University School of Nashville

As a school founded to provide a working link between theory and practice, University
School comes naturally to a collaborative mindset. Our purpose with the Edward E. Ford
Leadership Grant is to continue erasing the fault lines separating high schools from higher
education and public schools from private schools. In that spirit, we embark on a direct curricular
development partnership with our research university neighbor, Vanderbilt University.
We plan to help build a curricular design bridge from secondary school to college, by
organizing, funding, and sharing projects born of partnerships between USN high school faculty
and their counterparts at Vanderbilt University just across the street from our campus. Too often
professors merely bemoan the lack of appropriate preparation high school students receive before
college, and high school teachers can only lament the narrow measures of academic progress
imposed by the college admissions process in order to sort through the mountain of student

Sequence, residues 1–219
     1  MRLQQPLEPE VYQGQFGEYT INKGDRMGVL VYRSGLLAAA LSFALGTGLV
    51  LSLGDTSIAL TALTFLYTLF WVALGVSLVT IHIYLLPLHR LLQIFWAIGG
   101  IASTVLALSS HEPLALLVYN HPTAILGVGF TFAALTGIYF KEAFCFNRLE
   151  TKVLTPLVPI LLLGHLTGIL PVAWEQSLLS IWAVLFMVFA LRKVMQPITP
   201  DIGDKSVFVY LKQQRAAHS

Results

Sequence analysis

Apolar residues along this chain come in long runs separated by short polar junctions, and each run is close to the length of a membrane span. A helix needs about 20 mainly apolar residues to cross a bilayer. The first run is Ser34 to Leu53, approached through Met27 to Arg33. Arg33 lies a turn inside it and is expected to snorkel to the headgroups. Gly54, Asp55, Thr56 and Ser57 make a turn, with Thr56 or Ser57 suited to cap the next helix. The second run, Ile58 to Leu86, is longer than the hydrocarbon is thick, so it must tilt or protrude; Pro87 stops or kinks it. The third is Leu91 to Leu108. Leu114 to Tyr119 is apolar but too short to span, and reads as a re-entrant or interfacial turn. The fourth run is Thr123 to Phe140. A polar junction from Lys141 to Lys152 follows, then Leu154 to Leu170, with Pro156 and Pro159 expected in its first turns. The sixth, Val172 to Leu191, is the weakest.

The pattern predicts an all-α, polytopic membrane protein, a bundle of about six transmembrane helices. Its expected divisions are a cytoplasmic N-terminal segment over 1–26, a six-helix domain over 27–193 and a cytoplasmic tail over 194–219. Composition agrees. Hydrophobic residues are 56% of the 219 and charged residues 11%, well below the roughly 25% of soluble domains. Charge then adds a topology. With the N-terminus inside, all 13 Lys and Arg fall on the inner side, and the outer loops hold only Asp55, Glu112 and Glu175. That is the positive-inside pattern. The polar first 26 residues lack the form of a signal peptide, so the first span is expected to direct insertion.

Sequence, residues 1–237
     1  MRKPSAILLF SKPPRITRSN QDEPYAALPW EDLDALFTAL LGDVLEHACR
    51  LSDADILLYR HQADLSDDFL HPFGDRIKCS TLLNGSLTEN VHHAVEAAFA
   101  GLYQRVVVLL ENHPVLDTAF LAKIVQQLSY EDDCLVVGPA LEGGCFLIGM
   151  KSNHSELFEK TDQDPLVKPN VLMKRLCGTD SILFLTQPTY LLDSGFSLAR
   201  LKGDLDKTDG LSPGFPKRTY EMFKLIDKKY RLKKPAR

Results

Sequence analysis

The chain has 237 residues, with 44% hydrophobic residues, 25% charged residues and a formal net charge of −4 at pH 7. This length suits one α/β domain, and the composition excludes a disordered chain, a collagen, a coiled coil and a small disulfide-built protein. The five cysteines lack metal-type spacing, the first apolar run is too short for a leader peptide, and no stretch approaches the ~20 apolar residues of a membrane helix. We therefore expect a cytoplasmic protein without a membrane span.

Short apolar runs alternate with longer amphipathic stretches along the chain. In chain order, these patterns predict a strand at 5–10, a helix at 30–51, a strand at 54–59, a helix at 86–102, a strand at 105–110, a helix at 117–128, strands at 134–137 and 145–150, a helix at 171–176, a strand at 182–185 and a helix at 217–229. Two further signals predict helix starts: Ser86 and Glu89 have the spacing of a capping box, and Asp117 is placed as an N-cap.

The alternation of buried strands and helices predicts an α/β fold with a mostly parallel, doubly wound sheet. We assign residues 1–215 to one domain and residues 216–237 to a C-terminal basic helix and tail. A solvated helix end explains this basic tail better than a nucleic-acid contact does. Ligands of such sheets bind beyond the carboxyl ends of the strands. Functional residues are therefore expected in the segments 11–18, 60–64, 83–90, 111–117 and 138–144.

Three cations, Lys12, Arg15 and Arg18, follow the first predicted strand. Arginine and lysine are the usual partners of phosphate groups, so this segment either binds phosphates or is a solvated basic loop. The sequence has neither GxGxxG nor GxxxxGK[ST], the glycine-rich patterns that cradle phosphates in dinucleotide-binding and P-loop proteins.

Among the growing list of projects for consideration:
• redesigning our debate course sequence to encourage broader access for students
• creating a course in geophysical modeling to understand climate data and effects
• reconceiving our engineering course, building on experience over recent years
• working with Divinity School faculty on a collaborative program for studying Hebrew
• rethinking the place of a writing workshop for students preparing for university work
• improving our faculty advising program to better build skills for college success
University School, in the shadow of the nation’s top-ranked graduate school of education, seems
uniquely well-situated for bringing high school and college teachers together. But the benefit of
this partnership could extend far beyond our campuses, in the form of new curricular ideas and
the example we set. In an age of Common Core curriculum, when independent schools make a
statement about what and how we teach, it matters practically and strategically.
What we will generate can challenge the status quo of schools and colleges working apart. What
we will demonstrate should offer a window on collaborative efforts that are long overdue.